Google “benefits of meditation” and a stream of articles pop onto your screen. The topics range from health benefits to scientific reasons to meditate, the ways meditation improves your life or changes your brain. Look at scholarly articles, and on the first screen, heart health benefits show up.
But, can meditation impact our physiology? How does a mental and spiritual practice alter the condition of our physically-beating heart? Like diet and exercise, can meditation reduce the risk of heart disease? For those struggling with heart issues or facing family histories of heart disease, it sounds too good to be true.
But, what if it isn’t?
A recent statement from the American Heart Association gives backing to the idea that meditation improves heart health. Specifically, this well-known promoter of heart-healthy living published a comprehensive review of research in the Journal of the American Heart Association with this conclusion — meditation may help lower the risk of heart disease.
What is Heart Disease?
Before we continue, let us get our terms straight. We need to understand exactly what we are talking about. Heart disease or cardiac disease refers to any condition or disorder affecting the heart. Just the heart. Cardiovascular disease impacts the blood vessels and heart. The American Heart Association statement refers to heart disease, not cardiovascular disease.
Common examples of heart disease include:
– Arrhythmia or irregular heartbeat
– Congenital heart disease
– Congestive heart failure
– Dilated cardiomyopathy or a weakened heart
– Myocardial infarction, including heart attack
In Canada, the U.S.A., the U.K. and Australia, heart disease leads the charge in causes of death. Statistics from the Centers for Disease Control and Prevention (CDC) and the World Health Organization (WHO) suggest 28.4 million adults live with a heart disease diagnosis. This number equals 11.7 percent of the adult population.
Furthermore, this condition leads to over 600,000 deaths in the U.S. alone. The numbers indicate that 23.5 percent of all fatalities in this country result from heart disease. If it proves true that meditation lowers these statistics, we could see a rise in the practice.
What Lowers the Risk of Heart Disease?
While risk factors such as age, gender, race and heredity remain fixed, others respond favorably to prevention. Lifestyle changes usually offer the first line of defense against the risks of heart disease. Meditation is becoming one such change.
A healthy diet and regular exercise are recommended by the American Heart Association to decrease the threat through weight loss and diabetes prevention. Stress management lowers risk as well. And, eliminating smoking and restricting alcohol intake to avoid over consumption reduces triglycerides, irregular heartbeats and obesity.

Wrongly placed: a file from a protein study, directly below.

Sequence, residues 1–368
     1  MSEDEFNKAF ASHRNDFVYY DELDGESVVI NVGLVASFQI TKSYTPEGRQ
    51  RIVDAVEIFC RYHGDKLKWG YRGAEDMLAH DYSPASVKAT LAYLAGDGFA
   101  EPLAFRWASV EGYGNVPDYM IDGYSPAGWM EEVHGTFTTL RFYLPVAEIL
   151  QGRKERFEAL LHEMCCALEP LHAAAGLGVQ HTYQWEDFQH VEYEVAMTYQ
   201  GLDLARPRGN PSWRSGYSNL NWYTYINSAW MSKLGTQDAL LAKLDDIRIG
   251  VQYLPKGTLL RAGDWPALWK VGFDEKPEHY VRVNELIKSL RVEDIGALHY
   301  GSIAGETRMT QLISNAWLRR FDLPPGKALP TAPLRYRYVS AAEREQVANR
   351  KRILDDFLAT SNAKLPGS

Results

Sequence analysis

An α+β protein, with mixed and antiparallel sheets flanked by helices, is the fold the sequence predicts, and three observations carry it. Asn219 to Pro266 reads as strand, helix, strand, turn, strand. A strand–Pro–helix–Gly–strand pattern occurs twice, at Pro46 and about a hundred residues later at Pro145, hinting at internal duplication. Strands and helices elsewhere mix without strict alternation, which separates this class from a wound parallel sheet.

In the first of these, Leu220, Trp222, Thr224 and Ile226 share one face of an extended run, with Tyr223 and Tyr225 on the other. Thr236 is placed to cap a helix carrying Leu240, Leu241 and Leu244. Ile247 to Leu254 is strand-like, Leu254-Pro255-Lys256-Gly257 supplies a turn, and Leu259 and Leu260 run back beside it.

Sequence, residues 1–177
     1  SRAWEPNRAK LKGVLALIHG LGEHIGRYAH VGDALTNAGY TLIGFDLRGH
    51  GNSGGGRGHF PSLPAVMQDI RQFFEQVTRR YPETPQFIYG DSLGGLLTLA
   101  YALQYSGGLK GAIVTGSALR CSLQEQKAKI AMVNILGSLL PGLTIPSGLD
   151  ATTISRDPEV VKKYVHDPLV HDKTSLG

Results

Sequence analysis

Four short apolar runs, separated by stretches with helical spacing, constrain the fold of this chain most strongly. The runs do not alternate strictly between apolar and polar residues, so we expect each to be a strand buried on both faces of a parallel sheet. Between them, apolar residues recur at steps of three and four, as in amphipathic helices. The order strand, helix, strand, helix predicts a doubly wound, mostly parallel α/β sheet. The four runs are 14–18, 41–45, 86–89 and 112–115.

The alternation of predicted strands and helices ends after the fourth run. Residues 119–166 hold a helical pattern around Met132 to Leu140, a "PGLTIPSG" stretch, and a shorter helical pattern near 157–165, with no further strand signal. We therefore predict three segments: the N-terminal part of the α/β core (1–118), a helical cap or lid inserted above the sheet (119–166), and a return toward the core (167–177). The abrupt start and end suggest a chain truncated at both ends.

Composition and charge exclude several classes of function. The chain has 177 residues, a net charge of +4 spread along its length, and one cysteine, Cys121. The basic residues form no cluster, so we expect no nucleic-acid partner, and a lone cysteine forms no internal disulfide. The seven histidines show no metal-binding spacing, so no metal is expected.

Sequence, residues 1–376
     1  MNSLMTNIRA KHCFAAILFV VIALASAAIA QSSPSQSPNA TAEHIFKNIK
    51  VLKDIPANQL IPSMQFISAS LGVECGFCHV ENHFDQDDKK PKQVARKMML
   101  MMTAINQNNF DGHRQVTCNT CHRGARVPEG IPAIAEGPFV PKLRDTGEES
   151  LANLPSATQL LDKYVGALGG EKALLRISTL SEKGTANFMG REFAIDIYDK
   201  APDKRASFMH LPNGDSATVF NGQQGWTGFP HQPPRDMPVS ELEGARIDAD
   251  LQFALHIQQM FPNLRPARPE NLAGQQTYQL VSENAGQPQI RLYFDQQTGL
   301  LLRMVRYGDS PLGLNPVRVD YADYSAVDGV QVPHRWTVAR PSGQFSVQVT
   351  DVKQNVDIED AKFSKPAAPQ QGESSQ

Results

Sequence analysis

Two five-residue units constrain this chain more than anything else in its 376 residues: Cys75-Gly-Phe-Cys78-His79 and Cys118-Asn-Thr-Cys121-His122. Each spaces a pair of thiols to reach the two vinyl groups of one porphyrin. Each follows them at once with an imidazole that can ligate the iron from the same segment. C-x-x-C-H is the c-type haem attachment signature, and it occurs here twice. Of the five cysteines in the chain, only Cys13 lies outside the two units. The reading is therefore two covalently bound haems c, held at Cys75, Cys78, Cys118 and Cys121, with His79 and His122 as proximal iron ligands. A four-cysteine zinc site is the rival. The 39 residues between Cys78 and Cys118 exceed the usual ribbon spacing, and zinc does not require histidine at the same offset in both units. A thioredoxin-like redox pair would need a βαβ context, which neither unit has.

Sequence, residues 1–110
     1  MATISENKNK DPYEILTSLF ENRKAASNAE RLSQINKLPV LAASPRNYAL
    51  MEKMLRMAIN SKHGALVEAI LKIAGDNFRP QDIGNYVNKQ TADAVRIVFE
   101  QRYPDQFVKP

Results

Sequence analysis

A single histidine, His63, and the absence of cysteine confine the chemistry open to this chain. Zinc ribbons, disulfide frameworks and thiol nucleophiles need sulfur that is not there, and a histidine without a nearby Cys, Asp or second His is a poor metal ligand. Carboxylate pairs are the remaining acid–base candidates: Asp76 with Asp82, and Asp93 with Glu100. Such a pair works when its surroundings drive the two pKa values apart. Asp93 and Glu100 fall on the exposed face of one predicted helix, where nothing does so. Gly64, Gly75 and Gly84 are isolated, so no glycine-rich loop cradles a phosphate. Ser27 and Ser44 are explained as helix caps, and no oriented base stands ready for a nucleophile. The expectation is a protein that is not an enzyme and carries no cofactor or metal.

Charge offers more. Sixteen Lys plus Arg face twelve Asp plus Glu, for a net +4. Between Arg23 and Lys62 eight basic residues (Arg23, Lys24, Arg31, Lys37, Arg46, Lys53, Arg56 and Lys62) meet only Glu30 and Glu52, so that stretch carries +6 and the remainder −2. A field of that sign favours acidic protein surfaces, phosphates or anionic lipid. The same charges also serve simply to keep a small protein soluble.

Medications, such as statins, also prove helpful in certain cases. The risk factors of high blood pressure and high cholesterol or triglycerides often require both lifestyle changes and carefully monitored medication therapy. Family histories of heart disease often require the use of this dual modality.
What About Meditation?
Adding the practice of meditation to a daily routine offers promising hope for those at risk of developing or in a current state of heart disease. Studies suggest that this practice impacts the changeable risk factors and thereby, reduces overall risk.
American Heart Association Findings
How do researchers explain the impact of the mental process of meditating on the physical body? The authors of the American Heart Association’s research review recognize the long-standing effects of meditation on the brain. Since the biology of the brain impacts the biology of the physical body, a plausible link arises. In other words, changes in the brain lead to beneficial consequences on physiology.
To further define the results, investigators narrowed the search to meditation practices which involved sitting such as mindful, Zen and transcendental meditation. Mind-body practices were excluded from the review. The reviewers believed the physical activity of yoga, Tai Chi and the like confused the findings as regular exercise also reduces the risk of heart disease.
Other Supportive Research
In support of the Heart Association’s findings, a study published in the International Journal of Yoga reported that mindfulness meditation effectively reduces risk factors in coronary heart disease patients. Anxiety, depression, stress, blood pressure and body mass index decrease with the practice. Participants maintained these gains when checked three months after the study suggesting long-term benefits.
Furthermore, Health Psychology published a study which offers promising conclusions as well. Researchers reported that a mere 20 minutes of daily meditation over 20 days leads to reduced anxiety, depression and blood pressure. A relaxing and soothing effect in heart patients resulted as well.
What Does This Mean?
American Heart Association reviewers (as do many researchers) admit that the quality and quantity of available research needs improvement to further support the findings. They also warn that medical care remains the primary strategy in lowering heart disease risk. However, the low cost and low risk nature of meditation leads these professionals to suggest implementing the practice.
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